I brought them lunch at 12:30 every day as that was when my daughter’s English class videoconference was done. We started throwing away less stuff because it was easier to serve dinner leftovers when we didn’t need to worry about helping things hot/cold between leaving the house and lunch time. When school was over, the dog was treated to a nice long walk with me and my daughter instead of the usual rushed pee on the lawn (for the dog) and then jump in the car to go pickup at school. Ballet class, violin, and piano all shifted to video lessons eliminating the drives to and from those activities. All told, removing driving to and from work, school, and activities we got back about 8 hours of our lives per week.

While they were schooling/working, I was trying to keep dinner interesting. I’d slacked off on my bread baking and pasta making for some time, but now there wasn’t really a choice. If we were going to have fettuccine, I was going to have to make noodles from scratch. If we wanted sandwiches, that meant baking because the bread fairies had stopped restocking the shelves. If we wanted yogurt, that meant making yogurt … . But, yogurt is blindingly easy to make (“recipe” to follow), and I’d been wanting to bake more because I wanted to start playing with using my spent brewing grains for baking.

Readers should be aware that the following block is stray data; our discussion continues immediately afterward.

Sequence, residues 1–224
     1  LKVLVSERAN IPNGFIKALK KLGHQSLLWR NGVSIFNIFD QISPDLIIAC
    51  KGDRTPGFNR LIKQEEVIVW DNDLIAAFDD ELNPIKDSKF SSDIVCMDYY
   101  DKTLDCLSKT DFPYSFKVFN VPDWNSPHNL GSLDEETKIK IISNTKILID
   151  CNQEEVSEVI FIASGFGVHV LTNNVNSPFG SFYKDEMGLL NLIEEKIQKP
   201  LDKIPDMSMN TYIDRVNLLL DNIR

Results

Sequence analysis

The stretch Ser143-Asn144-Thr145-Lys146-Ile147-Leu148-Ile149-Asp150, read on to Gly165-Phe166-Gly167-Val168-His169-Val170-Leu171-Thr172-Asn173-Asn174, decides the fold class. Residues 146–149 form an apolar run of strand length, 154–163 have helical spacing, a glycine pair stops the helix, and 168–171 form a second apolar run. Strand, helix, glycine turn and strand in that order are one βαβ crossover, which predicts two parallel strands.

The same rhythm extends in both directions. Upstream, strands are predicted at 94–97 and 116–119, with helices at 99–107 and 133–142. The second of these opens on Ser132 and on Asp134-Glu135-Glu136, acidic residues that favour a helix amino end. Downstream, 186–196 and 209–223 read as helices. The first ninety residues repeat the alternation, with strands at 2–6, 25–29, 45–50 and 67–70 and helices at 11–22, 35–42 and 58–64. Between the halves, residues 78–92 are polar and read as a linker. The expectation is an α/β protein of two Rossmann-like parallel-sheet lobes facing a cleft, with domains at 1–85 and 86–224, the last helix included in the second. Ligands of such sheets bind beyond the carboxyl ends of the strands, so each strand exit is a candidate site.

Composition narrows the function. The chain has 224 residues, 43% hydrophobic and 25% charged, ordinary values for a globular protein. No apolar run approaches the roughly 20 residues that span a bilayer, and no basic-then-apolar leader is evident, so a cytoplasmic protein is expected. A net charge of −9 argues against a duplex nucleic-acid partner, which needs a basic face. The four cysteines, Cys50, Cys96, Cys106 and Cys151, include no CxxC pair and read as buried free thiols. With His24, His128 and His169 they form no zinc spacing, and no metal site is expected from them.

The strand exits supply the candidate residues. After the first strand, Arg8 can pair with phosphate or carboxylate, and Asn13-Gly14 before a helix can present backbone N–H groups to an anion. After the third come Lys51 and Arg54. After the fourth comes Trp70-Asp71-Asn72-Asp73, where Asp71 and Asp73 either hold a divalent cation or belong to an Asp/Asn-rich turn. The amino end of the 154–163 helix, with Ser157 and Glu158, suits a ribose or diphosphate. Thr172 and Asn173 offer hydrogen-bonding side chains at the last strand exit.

Which brings me back to something I should really address: I am a terrible blogger. Since I last posted more than one thing within a month, I’ve started playing with a lot of slow cooked meals in a mini instant pot and gotten pretty good at making beer (so much so that I’ve enrolled in the Craft Brewery Management program at San Diego State University, an undertaking that is now on hold because of the coronavirus). The former has opened up a bunch of slow cook recipes that I probably wouldn’t have had the patience to try, and the latter leaves me with a bunch of spent grain I need to dispose of preferably doing something other than just waiting for it to cool and dumping it in the compost bin. I have plenty of material, I’m not lacking for time, … .

All that being said, the real spur to start blogging again was not so much the pandemic or suddenly being forced to do a bunch of cooking stuff. We have some neighbors who gather at our corner in the evening (now gathering a good distance apart) to watch the sun set (I know, California … freaks). Lately the topic has been what everyone is eating because there’s not a whole heck of a lot else to talk about. Yesterday, one of those neighbors mentioned that they have been following about two days behind me with their cooking. That is to say, three days ago I grilled a rib eye, made some farro, and sautéed some Brussels sprouts in bacon fat and yesterday they did something similar. The next day we had shepherds pie and tonight they are planning on having shepherds pie. And so on. We joked that we should set up a google doc so they don’t have to pester me and we had a good laugh.

But this morning I was sitting here in my man cave having made the yogurt, finished the latest batch of pizza dough, and fed the troops, trying to think of something to fill the time between now and when I go up and make lunch and bake banana bread, and I got the annual bill for my WordPress site.

So, here we go … keep your fingers crossed.